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What is UBIT Tax and Why should you care?

Commercial real estate investing is a lucrative opportunity that can provide significant returns for investors. However, as with any investment, there are taxes that must be considered. One of the taxes that may apply to commercial real estate investing is the Unrelated Business Income Tax (UBIT).

UBIT is a tax that applies to income earned by tax-exempt organizations, such as nonprofits and charities, from business activities that are unrelated to their tax-exempt purpose. However, UBIT can also apply to individuals and entities that invest in certain types of tax-advantaged accounts, such as individual retirement accounts (IRAs), if they earn income from activities that are considered unrelated to their account’s tax-advantaged purpose. In the context of commercial real estate investing, UBIT may apply if an investor uses a tax-advantaged account to invest in a property that generates income from an unrelated trade or business. For example, if an investor uses an IRA to invest in a commercial property that includes a restaurant, the income generated from the restaurant may be subject to UBIT. The significance of UBIT in commercial real estate investing lies in the potential tax liability it creates for investors. UBIT is calculated at the trust tax rate, which is currently 37% for income over $13,050, and there is also a $1,000 threshold for UBIT. This means that if an investor earns more than $1,000 in unrelated business income from their tax-advantaged account, they may be subject to UBIT.

To illustrate the potential impact of UBIT, consider the following example. Suppose an investor uses their IRA to invest in a commercial property that generates $50,000 in rental income per year, but also includes a restaurant that generates $5,000 in net income per year. If the investor’s IRA holds a 50% interest in the property, then the investor’s share of the restaurant’s net income would be $2,500 per year. This income would be subject to UBIT at the trust tax rate, resulting in a tax liability of $925.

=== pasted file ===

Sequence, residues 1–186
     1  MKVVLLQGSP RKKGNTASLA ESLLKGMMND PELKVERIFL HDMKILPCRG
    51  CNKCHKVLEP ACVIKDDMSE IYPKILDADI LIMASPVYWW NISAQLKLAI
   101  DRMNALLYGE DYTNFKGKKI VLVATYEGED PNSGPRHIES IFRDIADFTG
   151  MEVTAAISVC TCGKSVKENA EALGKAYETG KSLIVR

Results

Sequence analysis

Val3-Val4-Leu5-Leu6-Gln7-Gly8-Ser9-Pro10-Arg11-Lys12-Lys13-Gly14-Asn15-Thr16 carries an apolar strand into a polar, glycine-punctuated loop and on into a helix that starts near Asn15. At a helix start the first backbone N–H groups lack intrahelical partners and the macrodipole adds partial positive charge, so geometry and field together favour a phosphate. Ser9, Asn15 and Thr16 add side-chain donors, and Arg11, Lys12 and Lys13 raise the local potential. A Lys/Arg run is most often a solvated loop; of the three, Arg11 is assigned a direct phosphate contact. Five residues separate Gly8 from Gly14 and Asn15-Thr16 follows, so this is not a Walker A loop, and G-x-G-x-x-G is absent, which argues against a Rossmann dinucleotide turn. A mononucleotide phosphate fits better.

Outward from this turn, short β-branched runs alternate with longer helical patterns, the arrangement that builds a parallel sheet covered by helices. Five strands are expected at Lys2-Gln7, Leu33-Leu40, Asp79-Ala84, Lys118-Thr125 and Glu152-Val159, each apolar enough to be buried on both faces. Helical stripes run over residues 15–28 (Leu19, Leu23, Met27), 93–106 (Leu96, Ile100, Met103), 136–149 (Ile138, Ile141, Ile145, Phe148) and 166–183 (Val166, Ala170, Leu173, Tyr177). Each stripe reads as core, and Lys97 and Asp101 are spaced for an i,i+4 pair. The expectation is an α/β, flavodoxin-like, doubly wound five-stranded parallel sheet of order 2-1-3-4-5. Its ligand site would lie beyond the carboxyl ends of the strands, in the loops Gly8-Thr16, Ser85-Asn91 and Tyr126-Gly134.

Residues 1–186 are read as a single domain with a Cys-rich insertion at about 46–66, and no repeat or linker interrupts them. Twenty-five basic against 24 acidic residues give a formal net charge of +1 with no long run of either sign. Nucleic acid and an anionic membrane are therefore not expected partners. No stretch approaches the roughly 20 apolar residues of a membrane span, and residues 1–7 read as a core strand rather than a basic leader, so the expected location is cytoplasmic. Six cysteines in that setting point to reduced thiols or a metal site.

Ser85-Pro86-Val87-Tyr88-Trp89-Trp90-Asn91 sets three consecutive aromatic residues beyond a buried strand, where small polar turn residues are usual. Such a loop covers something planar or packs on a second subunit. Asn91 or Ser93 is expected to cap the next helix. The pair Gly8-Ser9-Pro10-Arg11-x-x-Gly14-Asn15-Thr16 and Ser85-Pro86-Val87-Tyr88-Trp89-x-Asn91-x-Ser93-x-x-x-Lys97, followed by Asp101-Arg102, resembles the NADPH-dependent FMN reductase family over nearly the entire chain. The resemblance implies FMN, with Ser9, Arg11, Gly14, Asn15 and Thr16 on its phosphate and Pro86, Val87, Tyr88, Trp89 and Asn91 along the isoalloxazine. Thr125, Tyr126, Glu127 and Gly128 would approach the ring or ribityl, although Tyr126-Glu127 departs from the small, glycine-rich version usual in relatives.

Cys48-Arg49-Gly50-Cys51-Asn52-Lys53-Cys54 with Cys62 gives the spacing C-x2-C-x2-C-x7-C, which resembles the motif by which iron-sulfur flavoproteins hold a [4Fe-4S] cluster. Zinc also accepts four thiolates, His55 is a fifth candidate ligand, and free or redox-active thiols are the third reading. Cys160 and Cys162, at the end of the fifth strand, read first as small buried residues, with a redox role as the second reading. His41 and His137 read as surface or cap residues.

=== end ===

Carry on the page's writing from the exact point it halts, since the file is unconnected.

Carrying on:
It is important to note that UBIT is only applicable to income earned from activities that are considered unrelated to the tax-advantaged account’s purpose. For example, rental income from a commercial property that is leased to a business that is in the same industry as the tax-advantaged account’s purpose would generally not be subject to UBIT.

In conclusion, UBIT is a tax that investors in commercial real estate should be aware of, particularly if they are using tax-advantaged accounts to invest. UBIT can create a significant tax liability for investors who earn unrelated business income from their investments. Therefore, it is important for investors to consult with a tax professional to understand the potential impact of UBIT on their investments and to ensure they are in compliance with all applicable tax laws.


Make the wise decision!


Jay Kennedy

Sovereign Sage

Commercial Real Estate Investor

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